“Our father arrived in Britain not long after the Empire Windrush docked at Tilbury in 1948.  Caribbean immigration to Britain was a mere trickle then, but we now think about our family history as being bound up with the moment when he made his own crossing on a boat whose name none of us can remember.  He would have been wearing a hat and a suit and an overcoat. In the old photographs there is practically nothing to distinguish hm from the men who walked the plank off the Windrush, and for us this recognition has become a reflex in which our imagination rushes to fill the gap between ourselves and those familiar images of the boat; the gangplank, the flock of tropical figures lining the rail.  In our minds it is the reality of arrival which has retreated, to be replaced by the myth of the Windrush”.  Mike Phillips and Trevor Phillips in their introduction to “Windrush - the irresistible rise of multi-racial Britain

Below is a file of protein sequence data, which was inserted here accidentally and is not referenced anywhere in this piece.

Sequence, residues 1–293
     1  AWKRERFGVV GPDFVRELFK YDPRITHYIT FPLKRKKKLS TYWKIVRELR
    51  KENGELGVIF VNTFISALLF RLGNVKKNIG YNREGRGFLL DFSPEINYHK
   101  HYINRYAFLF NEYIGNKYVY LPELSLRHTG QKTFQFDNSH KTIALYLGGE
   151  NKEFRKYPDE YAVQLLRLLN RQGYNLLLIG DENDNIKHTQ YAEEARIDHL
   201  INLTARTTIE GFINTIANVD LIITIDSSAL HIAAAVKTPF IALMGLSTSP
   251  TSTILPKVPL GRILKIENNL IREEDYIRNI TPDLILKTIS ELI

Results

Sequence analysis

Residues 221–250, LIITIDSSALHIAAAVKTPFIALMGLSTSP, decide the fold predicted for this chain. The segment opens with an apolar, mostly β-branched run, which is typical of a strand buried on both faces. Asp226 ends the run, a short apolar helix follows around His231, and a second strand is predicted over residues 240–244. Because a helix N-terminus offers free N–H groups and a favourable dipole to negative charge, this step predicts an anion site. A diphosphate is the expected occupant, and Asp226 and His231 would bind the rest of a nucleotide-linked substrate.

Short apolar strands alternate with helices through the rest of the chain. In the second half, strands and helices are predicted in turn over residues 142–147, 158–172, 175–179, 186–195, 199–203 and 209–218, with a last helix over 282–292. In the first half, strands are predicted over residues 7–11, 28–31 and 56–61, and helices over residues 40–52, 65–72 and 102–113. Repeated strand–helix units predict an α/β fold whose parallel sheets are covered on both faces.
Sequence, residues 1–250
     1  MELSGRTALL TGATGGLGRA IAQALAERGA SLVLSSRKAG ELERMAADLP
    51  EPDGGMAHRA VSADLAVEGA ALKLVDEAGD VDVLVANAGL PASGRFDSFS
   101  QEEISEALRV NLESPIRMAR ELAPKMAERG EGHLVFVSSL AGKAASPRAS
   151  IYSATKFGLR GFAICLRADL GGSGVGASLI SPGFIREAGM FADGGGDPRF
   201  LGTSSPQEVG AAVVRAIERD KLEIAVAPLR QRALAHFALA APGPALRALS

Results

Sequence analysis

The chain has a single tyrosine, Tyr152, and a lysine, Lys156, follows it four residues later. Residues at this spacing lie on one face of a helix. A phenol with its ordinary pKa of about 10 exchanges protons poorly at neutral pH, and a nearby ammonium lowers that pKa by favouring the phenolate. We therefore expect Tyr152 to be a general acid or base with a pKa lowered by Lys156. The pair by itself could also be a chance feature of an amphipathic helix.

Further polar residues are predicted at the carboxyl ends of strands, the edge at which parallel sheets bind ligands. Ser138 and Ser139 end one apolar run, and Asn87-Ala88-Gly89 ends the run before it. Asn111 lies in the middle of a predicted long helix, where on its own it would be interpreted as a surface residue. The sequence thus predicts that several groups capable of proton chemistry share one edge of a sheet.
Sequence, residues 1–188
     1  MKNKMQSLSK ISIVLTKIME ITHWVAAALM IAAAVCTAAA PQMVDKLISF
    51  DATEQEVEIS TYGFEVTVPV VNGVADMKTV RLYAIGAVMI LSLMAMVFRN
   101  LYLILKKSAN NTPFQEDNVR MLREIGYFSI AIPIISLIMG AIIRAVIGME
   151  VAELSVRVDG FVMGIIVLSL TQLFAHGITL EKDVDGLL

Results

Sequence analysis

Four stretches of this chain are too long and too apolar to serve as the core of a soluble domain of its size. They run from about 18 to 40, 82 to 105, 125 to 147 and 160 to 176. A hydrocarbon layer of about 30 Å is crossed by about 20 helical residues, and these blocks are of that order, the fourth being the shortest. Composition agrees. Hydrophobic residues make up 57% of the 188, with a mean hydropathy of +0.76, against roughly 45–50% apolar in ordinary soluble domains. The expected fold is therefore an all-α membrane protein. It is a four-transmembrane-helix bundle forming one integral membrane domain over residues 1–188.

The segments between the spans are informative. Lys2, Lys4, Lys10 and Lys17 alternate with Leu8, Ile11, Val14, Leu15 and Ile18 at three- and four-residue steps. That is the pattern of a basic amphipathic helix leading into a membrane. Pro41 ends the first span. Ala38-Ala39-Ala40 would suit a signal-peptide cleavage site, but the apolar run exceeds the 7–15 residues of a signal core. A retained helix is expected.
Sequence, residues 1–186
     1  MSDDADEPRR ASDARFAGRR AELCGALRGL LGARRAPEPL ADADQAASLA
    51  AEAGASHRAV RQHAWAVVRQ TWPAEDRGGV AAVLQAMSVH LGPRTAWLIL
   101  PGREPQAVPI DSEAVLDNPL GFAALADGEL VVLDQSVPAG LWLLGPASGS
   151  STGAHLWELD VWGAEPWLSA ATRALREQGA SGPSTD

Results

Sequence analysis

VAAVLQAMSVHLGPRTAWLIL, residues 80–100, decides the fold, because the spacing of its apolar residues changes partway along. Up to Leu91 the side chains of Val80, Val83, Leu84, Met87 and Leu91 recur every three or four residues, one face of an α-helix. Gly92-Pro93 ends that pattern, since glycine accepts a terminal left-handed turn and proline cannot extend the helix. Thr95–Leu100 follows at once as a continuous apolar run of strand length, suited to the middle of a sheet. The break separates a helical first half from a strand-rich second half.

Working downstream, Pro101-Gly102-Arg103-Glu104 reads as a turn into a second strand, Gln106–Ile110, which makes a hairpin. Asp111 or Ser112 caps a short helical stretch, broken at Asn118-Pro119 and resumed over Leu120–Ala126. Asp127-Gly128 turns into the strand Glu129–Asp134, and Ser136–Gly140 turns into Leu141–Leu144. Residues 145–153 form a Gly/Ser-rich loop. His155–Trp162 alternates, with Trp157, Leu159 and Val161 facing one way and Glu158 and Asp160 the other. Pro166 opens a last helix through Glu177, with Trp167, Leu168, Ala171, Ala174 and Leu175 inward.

George’s life as an adult could be said to be “book-ended” by Windrush-related events.  He stepped back onto Jamaican soil on the very day, May 24, 1948, that the Empire Windrush set sail from Kingston to Tilbury Dock, London.  He was still an RAF serviceman and waiting to be demobbed.


Two months later, on July 28, he was discharged from the service, in Kingston.  Had the dates of his arrival and discharge been earlier I think it likely that he would have travelled back on the Empire Windrush.  As it was, he came on the SS Orbita, which arrived at Liverpool on October 2, 1948, approximately four months later.


So he was part of the “Windrush generation” but did not sail on the ship of that name.  He rarely used the term “Windrush generation”.  That is, until the status of many of the people was concerned was put in jeopardy by the “hostile environment” introduced by the UK Home Secretary, Theresa May, in 2012. 



Advert for passage on M.V.

Empire Windrush from

Kingson, Jamaica to the UK


(Plantain - The 802 Caribbean Women, Children and Men of the MV Windrush)


It is often stated that the Empire Windrush was the first ship to carry people from the West Indies to the UK after World War II, but it was in fact the third.


Migrants from Jamaica in the 1940s